If you have a wall building or repair project on your hands, you might find yourself in need of some joint compound. Or, some spackle. The problem is determining which option is right for your needs in a given moment.
They are actually both very useful, and can even be used interchangeably in certain scenarios. But, if you want to produce the highest quality results that you can get then you should be mindful of applying these materials to the circumstances they work best in.
Today, we will help you learn how to do exactly that. What is the difference between joint compound and spackle? Read on to find out!
Joint compound is basically just gypsum dust mixed with water. Gypsum is also a primary material in drywall.
When you mix gypsum powder up with water, it takes on the consistency cake frosting. In that state, it is easy to lather on to your work material to create a nice smooth base for an indoor wall painting project.
You will also use it to finish up drywall seems, or even do minor repair work.
That said, it also is not the best material for filling up larger holes because it tends to shrink and retract quite a bit. But, if you are in a pinch it will work just fine.
In general, joint compound is used for larger projects and therefore is not often kept on hand for regular household use.
Spackle is a paste-like product that actually has quite a bit in common with joint compound. In fact it is also derived from gypsum.
The big difference between spackle and joint compound is the scale in which they might be used. While joint compound can be used for anything from sealing joints, to prepping drywall for its first coat of paint, spackle is going to find its application for much smaller household uses.
You might bust the spackle out if you notice a small crack or imperfection in your wall. And, if you have a painting project that you need to do, it will be perfect for repairing small marks on the work surface.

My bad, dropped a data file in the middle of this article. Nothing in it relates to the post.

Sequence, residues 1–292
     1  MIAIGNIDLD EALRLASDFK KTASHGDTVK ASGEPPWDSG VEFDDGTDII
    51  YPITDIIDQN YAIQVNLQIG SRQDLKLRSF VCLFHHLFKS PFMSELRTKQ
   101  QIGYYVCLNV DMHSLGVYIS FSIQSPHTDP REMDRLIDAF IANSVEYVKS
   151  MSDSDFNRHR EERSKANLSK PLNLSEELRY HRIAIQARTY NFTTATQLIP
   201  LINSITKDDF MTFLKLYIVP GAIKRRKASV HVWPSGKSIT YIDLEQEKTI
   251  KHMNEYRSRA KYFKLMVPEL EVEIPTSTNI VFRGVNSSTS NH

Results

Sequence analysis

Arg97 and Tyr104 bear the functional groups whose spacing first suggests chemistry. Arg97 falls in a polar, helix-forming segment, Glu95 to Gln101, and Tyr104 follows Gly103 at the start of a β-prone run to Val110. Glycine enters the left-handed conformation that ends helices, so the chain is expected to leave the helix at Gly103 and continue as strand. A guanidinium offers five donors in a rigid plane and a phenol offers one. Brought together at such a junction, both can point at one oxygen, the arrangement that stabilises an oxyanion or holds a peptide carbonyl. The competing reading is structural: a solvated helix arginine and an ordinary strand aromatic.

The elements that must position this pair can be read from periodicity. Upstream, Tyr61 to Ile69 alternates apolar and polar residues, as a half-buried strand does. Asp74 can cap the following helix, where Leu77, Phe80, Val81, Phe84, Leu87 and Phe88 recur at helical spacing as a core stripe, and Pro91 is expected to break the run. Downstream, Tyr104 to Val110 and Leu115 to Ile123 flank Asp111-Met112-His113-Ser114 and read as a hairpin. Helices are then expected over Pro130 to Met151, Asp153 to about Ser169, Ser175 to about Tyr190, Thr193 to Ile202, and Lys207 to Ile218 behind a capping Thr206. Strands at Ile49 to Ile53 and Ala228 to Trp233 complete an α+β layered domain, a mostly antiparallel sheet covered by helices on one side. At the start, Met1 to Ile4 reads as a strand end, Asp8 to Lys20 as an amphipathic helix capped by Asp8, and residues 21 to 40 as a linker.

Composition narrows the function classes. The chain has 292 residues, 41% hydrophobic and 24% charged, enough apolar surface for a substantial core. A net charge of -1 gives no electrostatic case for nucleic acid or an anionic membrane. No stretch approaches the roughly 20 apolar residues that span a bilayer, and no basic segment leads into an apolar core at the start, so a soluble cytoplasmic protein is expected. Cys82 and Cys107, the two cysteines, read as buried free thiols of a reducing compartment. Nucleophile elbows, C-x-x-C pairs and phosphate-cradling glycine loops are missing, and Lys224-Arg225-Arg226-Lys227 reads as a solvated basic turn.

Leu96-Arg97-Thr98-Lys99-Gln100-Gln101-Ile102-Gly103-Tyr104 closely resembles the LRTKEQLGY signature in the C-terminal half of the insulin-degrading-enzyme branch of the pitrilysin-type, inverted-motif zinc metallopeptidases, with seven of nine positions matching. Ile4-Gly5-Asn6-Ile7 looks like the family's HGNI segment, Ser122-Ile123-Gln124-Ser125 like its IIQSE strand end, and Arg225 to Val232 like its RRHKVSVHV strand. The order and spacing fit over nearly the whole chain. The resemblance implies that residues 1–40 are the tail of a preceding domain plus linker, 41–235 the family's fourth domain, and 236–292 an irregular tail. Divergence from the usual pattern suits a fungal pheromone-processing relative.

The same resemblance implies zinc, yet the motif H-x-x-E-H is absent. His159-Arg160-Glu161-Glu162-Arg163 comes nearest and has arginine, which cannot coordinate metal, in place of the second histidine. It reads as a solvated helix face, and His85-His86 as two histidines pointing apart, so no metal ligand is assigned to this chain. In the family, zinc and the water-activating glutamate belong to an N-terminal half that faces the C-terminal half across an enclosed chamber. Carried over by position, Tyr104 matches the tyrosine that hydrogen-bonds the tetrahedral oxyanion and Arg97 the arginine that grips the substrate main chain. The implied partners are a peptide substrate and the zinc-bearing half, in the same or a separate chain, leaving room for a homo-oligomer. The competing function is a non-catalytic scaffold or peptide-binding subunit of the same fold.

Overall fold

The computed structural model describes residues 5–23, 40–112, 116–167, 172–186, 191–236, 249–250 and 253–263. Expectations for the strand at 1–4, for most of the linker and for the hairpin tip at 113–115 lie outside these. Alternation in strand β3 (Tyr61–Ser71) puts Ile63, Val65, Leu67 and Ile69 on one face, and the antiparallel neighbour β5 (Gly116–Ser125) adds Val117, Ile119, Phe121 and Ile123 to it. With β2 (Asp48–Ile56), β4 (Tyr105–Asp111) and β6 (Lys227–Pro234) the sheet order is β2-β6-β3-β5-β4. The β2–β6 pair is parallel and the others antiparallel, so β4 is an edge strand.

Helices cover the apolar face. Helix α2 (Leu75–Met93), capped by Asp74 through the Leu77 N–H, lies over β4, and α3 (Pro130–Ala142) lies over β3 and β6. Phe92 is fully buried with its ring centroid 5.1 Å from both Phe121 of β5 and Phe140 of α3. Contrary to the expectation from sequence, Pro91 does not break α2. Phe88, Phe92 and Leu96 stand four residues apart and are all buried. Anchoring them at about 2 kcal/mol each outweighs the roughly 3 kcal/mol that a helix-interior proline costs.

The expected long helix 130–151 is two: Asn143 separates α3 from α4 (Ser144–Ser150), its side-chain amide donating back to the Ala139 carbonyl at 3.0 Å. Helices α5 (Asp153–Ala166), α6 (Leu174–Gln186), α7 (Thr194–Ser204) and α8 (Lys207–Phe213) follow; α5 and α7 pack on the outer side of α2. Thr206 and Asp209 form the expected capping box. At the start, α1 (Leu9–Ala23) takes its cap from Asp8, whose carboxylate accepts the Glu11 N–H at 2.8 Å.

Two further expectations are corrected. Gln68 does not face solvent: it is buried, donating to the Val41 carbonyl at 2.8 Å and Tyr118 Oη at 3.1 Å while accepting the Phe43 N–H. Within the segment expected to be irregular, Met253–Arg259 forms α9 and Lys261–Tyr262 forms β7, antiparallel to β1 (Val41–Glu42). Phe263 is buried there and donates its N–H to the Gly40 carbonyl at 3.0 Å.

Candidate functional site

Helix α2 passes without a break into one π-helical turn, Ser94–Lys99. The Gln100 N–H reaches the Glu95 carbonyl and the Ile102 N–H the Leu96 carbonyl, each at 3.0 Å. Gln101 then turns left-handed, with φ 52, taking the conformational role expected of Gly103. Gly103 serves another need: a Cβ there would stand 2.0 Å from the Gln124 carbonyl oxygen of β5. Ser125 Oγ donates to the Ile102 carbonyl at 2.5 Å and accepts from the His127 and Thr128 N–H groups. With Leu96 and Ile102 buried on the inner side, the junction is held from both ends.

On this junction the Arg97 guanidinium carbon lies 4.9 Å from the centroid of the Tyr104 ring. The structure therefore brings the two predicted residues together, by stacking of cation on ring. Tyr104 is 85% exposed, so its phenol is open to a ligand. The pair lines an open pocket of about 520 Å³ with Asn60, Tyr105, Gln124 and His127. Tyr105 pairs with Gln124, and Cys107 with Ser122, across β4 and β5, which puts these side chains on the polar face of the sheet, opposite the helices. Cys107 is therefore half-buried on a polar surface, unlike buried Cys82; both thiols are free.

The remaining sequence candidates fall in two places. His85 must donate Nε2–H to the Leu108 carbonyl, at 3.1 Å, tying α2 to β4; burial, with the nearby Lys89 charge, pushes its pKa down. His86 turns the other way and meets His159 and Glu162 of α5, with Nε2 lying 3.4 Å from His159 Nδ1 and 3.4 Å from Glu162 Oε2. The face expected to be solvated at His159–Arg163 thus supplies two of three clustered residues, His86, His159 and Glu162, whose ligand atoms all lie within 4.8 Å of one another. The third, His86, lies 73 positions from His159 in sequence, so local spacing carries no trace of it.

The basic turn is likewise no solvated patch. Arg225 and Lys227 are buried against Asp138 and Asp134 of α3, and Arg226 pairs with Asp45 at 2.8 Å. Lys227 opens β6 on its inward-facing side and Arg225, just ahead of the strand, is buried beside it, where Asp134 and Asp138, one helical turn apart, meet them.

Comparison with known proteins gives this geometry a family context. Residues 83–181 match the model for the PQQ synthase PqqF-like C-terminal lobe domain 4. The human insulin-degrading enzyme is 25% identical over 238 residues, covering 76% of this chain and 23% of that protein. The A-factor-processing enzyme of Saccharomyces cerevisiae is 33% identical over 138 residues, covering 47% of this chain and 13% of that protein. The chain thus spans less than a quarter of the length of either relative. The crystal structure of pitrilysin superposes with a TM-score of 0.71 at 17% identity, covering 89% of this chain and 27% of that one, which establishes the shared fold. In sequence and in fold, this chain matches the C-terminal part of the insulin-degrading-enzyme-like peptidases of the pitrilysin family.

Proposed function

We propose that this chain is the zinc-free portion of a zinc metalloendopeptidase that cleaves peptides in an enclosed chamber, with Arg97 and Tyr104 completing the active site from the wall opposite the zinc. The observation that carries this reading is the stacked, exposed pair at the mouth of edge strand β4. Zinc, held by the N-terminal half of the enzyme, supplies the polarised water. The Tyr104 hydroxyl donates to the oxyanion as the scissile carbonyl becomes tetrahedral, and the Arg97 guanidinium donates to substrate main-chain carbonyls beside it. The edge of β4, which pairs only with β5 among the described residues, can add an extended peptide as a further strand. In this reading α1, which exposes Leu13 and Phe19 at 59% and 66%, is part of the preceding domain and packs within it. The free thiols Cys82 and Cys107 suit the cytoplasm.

Spackle comes in different consistencies, each optimized for different situations. A thinner grain of spackle might be used for very tiny repair jobs, while thicker grains will be used for more significant patchwork.
Spackle is actually better than joint compound when it comes to repair-work because it doesn’t shrink as much once applied.
Conversely, it also just isn’t used often to seal, both because of the consistency, and the cost.
To the average homeowner, these products will probably seem very alike. And they are, but the distinctions do also make it fairly easy to choose between them.
If you have a big drywalling project on your hand you will probably be using joint compound. Spackle just isn’t well suited for the large scale application of joint compound.
However, typical homeowners that just want to be well equipped for basic maintenance also won’t have much use at all for joint compound. Even though it can be used for small patchwork, it isn’t as well suited for the task as spackle.
In fact, just about any home could make use of some spackle paste from time to time. It’s easy to use and can be applied with a flexible spatula or putty knife in a pinch.
In terms of cost, spackle will usually cost more than joint compound, but the difference is offset somewhat by the fact that you use it in far smaller quantities.
On the flipside, if you are a serious do-it-yourselfer, you will probably have both products on hand. Joint compound is necessary for larger products, but spackle is just a good resource to have around the house.
So, now you know the difference between spackle and joint compound. Most homeowners are probably going to be reaching for the spackle the next time they notice a small mark on their wall.
However, now that you know the ins and outs of these products you can make your own, informed decisions.
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Header image credit: Georgia National Guard, Flickr
Hi there! My name is Adam and I write for HealthyHandyman. I have a great passion for writing about everything related to tools, home improvement, and DIY. In my spare time, I'm either fishing, playing the guitar, or spending quality time with my beloved wife. You'll also often find me in my workshop working on some new project!